Student-organized ensemble has high hopes

By Connor Yearsley


The student-organized ensemble Renew Music Group will offer audience members a different experience not typically heard in the School of Music at its upcoming concert.

“This sort of thing hasn’t really happened at Baylor in a long time,” said Mark Utley, Fredricksberg senior and percussionist in the group.

The concert will take place at 10 p.m. Nov. 6 in Jones Concert Hall in the Glennis McCrary Music Building.

The program includes “Fratres” by Estonian sacred music composer Arvo Pärt, “Unto the Hills” by American composer George Crumb, “Third Construction” by American experimentalist composer John Cage and “Variation Strand” by Baylor music student Jim Simmons.

Simmons, a master’s candidate in music composition and guitarist in the group, said he was inspired to write “Variation Strand” after listening to his girlfriend play Mozart incorrectly. He said something about the way she repeatedly stopped and started caught his attention.

“The piece is lighter in its tone, but it has a lot of rhythmic complexity,” Simmons said.

He also said the piece is lyrical and jazzy and that it’s rhythmically similar to djent music, which is a relatively new style of music that has become especially popular with progressive metal fans, and is characterized by both ambience and heaviness.

“Variation Strand” is scored for flute, violin, electric guitar, piano, two marimbas, drum set and bass.

Simmons said he is also excited about the world premiere of his arrangement of Pärt’s “Fratres.”

“Unlike a lot of the music of the 20th and 21st centuries, it is very lyrical, very beautiful,” Simmons said.

Crumb’s “Unto the Hills” incorporates Appalachian folk songs.

“’Unto the Hills’ is really nuanced and requires finesse,” Utley said. “It’s very subtle. It’s hard to put together.”

Janna Martindale, senior university scholar and violinist in the group, said “Unto the Hills” will also be visually stimulating for the audience.

Cage’s “Third Construction” is a percussion quartet that uses everything from log drums to conch shell.

“Third Construction is crazy hard” Utley said.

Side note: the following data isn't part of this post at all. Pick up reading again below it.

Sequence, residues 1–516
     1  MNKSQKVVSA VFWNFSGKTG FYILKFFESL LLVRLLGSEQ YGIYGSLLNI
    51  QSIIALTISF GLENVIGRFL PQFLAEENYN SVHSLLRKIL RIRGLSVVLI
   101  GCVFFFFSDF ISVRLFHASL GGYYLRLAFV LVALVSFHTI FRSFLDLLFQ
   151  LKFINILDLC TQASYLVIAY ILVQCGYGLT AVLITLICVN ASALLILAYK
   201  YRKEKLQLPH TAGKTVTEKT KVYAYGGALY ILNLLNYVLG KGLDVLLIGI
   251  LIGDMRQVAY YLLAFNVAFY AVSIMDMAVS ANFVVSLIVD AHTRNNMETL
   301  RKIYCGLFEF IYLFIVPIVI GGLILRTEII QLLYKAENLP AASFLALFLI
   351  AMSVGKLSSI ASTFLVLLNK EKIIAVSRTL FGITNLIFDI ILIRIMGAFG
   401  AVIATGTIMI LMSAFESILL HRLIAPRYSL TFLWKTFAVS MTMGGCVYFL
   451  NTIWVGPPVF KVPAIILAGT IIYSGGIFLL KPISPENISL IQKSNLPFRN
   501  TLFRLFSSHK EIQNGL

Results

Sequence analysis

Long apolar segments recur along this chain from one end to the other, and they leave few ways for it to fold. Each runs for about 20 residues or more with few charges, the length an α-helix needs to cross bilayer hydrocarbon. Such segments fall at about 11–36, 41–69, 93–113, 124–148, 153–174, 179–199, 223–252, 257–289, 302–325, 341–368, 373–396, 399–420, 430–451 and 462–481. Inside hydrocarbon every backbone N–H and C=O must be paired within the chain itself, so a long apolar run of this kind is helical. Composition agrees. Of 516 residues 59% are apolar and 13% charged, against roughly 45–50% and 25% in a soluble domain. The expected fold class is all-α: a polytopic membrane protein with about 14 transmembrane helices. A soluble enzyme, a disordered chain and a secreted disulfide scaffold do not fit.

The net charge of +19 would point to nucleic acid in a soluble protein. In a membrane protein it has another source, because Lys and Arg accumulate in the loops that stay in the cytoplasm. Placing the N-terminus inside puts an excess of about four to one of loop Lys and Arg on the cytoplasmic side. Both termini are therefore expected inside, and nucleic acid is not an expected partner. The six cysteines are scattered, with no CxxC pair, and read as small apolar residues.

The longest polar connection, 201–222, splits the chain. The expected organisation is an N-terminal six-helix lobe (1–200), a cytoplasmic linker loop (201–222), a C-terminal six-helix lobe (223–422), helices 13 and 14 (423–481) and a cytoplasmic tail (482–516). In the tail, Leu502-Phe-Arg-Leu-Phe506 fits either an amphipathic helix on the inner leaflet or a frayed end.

Renew Music Group was started after several of its members went to the Fast Forward Austin music festival, which featured new music. Utley said he left wondering why Baylor didn’t have the kinds of things he heard at the festival.

“Baylor is a traditional music school,” said Matt Shaver, senior composition major.

Utley said the School of Music focuses primarily on the classical repertoire from the 1700s to the 1800s.

The group was formed as a small, chamber-like ensemble dedicated to the music of the 20th and 21st centuries.

Shaver and Martindale were also members of another student-organized ensemble, Precipice, formed in 2009 to bring new music to Waco audiences.

Precipice served as a springboard for Renew Music Group.

Martindale said another objective of creating the group was to allow its members the chance to learn the business side of music.

She said the group approached professors in hopes of making the ensemble an actual class, a goal that is still ongoing. She also said William May, dean of the School of Music, is very supportive of the group, which was allowed to play as part of the Music Convocation at the beginning of the semester.

Utley said another goal of the group is to give everyone interested the opportunity to experience this musical process. He said a lot of the group’s members have performed this style before.

There are some logistical challenges facing the group.

“Since it’s all student-led there’s no class for it, so organizing rehearsals when everyone can meet is challenging,” Shaver said.

The group has plans for the future.

“Our next project will involve collaboration with students from other art disciplines,” Shaver said.

The group members are looking forward to the concert.

“Everyone has been spending the semester working very hard on it and we are very excited to see the whole program come together,” Martindale said.

Utley said he thinks the program is a good survey of new music, beginning with the early 20th century avant-garde with John Cage and continuing to George Crumb and contemporary composers like Arvo Pärt and arriving at the present with Simmons’ piece.

Shaver said the pieces were chosen to fit the intended timeframe and to match the personnel available.

Each of the four pieces on the program will use a unique group of musicians, depending on the instrumental demands of the piece. In total, 16 musicians will perform.

The audience will sit on stage for the concert.

“It’s an intimate setting,” Utley said.

“This is something that many people may not have experienced before, but we encourage anyone to come with an open mind,” Martindale said. “Everyone will be able to experience something new in a welcoming environment and be able to take something home with them.”

The concert is free and open to the public.